I know it’s early, but I have a sinking feeling the Republican Party is taking all the wrong lessons from last week’s election. Short term, that’s a boon for Democrats. Long term, it’s a problem for the country.That's how he begins his Friday morning Washington Post column, which as is often the case with Robinson is not merely lucid but cuts directly to the point. He notes that Newt Gingrich of all people is worth listening to, especially on realizing why he - and many in the Republican party - were so wrong on what was going to happen - if they were that far off, what they need to do to understand America.
One thing they clearly should not do is claim any kind of mandate because they held the House. We here know that is an artifact of gerrymandered districts, that more people voted for Dems for the House than for Republicans, Failure to carry your home city (Ryan) or home states (Romney) is one indication of your lack of mandate. So is losing the electoral college 332-206. Most of all, given how the President campaigned and what the people have said to pollsters, there is no doubt the country is ready to raise taxes on incomes over $250,000.
For Robinson, there is more than this that the Republicans should consider . . .
Some conservatives even seem tempted to listen to the delusional postgame analysis coming from Romney and Ryan. This is the way to ridicule and ruin.
Take for example Ryan's comment about voters in "urban" areas, clearly code words for minorities. Robinson points out that the real problem was Republicans losing in vote-heavy suburbs in places like Fairfax County VA. According to Quick Facts from the US Census, in 2011 Fairfax had 1,100,692 of Virginia's 8,096,604 people, and was growing at 1.5 times the rate of the state as whole. Romney not only lost there, but in the other major population jurisdictions of the Northern Virginia suburbs of Washington DC: Loudoun County (325,405), Prince William County (419,006), Arlington County (216,004), and Alexandria City (144.301), all of which are growing faster than the state as a whole, and which as a total contain more than 1/4 of the state's population. Similar patterns could be seen in many suburban areas.
Robinson then deconstructs the comments Romney made to fundraisers in the now infamous phone chat about "gifts" by noting
It doesn’t occur to Romney that Republicans might have countered this alleged gift-giving with a health-care reform plan of their own, other than “go to the emergency room.” If the GOP is really this obtuse, Democrats may win the next few elections without having to break a sweat. And that’s the danger I hope we avoid.Of course, the Republicans originally DID have a health care reform plan of their own, because Obamacare was based on Romneycare which was based on a design from the Heritage Foundation - which is not exactly a bastion of liberal or Democratic thought on issues.
I am not sure I would agree that Democrats would win without breaking a sweat. There were other issues involved in this election besides the ideas on policy. Clearly there was a rejection of Republican positions on social issues, whether it is the framing of Makers versus Takers which was clearly presented in the infamous tape of the 47%, and also in the misogyny of the likes of Todd Akin and Richard Mourdoch (and of course Paul Ryan, given his co-sponsorship of legislation with Akins, and in the homophobia and racism of so many whose words seem to guide the Republican party, including the remarks of "urban" areas. Still, absent addressing the failure to reach so many parts of the American fabric, Republicans do confront the reality of the changing demographics on the one hand, and the changing social attitudes on the other.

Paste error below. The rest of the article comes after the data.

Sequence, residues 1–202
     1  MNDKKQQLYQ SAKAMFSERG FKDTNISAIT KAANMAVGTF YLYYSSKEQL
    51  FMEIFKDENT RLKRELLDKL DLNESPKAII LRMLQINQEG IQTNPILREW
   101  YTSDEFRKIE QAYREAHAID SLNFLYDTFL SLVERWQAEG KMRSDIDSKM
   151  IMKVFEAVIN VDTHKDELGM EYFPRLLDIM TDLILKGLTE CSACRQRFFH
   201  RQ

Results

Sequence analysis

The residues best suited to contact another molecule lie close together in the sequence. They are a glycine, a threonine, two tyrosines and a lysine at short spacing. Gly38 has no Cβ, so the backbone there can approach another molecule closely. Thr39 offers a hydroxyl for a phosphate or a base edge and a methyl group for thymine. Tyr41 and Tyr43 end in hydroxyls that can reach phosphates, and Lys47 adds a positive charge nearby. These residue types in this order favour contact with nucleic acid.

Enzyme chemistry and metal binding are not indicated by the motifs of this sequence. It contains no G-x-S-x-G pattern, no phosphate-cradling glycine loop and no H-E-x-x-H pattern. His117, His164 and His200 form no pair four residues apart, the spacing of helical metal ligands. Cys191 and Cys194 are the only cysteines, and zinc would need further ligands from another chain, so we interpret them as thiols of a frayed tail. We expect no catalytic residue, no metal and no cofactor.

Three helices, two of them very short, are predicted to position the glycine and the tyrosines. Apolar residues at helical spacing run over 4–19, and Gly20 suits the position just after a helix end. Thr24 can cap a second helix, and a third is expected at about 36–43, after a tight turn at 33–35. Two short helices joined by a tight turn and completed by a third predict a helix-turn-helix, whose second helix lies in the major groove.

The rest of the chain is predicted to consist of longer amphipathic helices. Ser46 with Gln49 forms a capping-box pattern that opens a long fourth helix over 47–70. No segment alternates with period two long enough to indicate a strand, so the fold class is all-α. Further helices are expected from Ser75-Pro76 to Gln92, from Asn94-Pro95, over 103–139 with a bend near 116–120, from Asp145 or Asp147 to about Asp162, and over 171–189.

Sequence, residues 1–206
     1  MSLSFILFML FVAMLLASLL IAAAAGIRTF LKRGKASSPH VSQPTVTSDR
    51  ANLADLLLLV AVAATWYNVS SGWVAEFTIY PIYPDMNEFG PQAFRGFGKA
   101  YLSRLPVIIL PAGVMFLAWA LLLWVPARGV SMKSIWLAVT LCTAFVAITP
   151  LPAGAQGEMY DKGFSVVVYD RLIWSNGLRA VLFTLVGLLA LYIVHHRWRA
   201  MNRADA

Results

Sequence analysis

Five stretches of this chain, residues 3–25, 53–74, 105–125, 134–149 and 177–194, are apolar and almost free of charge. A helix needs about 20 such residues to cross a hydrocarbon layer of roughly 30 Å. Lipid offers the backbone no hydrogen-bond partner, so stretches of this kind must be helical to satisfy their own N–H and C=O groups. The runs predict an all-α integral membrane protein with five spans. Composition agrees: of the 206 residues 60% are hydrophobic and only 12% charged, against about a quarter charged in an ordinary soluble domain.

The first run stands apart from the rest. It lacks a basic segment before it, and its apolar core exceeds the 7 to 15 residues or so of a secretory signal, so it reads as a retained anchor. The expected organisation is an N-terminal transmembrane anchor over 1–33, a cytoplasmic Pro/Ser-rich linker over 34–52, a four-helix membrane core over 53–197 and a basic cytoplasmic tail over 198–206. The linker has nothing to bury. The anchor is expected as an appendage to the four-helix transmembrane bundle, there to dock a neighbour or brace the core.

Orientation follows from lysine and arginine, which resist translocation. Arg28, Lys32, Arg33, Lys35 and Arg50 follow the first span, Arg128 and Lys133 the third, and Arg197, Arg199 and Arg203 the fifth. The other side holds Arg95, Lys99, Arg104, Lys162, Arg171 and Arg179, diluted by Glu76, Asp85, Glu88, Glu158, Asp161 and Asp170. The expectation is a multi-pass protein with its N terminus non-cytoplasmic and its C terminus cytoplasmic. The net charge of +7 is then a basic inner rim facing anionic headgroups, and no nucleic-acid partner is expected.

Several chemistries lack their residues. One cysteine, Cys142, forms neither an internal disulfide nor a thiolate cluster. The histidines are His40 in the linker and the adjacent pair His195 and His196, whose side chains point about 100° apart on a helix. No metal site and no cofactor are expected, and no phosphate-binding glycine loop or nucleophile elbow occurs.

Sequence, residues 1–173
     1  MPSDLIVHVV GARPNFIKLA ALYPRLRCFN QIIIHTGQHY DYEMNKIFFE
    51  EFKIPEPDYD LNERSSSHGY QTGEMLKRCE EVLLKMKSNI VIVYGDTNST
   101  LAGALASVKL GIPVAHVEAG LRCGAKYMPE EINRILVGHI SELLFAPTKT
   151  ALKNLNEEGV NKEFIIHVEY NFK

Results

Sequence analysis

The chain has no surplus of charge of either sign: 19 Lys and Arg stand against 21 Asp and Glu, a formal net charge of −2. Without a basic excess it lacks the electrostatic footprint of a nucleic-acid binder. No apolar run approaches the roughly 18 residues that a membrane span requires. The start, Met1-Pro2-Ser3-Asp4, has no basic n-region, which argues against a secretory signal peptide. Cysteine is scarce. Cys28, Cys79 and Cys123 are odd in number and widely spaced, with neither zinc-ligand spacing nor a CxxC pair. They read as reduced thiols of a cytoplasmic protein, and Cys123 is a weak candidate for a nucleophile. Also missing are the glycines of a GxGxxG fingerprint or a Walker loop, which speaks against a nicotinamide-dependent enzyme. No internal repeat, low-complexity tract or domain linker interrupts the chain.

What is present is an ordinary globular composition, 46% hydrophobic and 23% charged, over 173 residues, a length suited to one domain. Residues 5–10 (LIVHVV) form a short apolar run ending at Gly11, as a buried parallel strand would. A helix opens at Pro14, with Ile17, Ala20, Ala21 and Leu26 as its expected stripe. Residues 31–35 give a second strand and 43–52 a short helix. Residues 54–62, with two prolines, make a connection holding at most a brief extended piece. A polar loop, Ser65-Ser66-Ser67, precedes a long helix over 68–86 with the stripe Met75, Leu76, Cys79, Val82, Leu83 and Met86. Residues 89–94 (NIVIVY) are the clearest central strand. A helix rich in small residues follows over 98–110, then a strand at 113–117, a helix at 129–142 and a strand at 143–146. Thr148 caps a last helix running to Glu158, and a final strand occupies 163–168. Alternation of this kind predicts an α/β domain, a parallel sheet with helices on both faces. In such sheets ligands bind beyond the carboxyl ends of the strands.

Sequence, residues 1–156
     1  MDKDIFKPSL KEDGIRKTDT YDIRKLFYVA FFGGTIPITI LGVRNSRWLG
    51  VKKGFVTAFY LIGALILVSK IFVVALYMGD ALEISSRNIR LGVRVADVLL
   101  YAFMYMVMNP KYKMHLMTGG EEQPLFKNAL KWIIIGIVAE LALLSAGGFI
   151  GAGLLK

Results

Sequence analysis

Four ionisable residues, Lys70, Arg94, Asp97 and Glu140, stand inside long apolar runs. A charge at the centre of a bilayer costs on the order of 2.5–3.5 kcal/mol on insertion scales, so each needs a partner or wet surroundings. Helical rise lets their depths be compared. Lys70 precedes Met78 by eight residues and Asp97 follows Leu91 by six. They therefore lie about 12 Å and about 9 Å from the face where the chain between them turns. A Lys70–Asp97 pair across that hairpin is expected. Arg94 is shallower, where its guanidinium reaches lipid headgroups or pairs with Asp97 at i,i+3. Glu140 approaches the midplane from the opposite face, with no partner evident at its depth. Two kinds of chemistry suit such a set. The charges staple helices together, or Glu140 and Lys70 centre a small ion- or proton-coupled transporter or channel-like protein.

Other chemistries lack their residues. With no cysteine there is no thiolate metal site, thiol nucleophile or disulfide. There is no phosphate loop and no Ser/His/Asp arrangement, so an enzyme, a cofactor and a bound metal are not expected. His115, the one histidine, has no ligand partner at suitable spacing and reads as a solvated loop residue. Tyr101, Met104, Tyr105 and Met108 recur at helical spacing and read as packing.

Robinson is not interested in a two-party system for the purity of the political science model:
Don’t get me wrong: I want progressive candidates to win those elections. But parties without meaningful competition become flabby, lazy, unresponsive. Democratic candidates shouldn’t win by default, and neither should progressive ideas. A smart, creative, reality-based conservative movement is ultimately good for the liberal cause — and good for the country.I would go further. I think it healthy that the Democratic party have a real and clear political opponent, so that we can once and for all move away from the false meme of this being a center-right country, and that even the more conservative Dems recognize the need to refocus less on the framing as presented from the Right and more on the real needs and aspirations of the American people. I think statewide votes on marriage equality and marijuana are a clear indication of how much of the country has rejected the cultural conservatism so beloved by many on the Right, and the clear data on more equitable taxation also indicates that America is ready for a different message than the trickle down economics and kowtowing to the more powerful among the business community has given us in recent times.
Robinson concludes his piece like this:
Step out of the echo chamber, Republicans. There’s a big country out there, and it’s trying to tell you something. For the sake of party and nation, try listening.I agree. I would also add something else - I truly hope Democrats, from the President to the more centrist and conservative Senators and House Members, also pay attention to the what the country is trying to tell them.
And it is not what the punditry and the denizens of the Village are saying.
It is that this country is hungry for real needs to be addressed.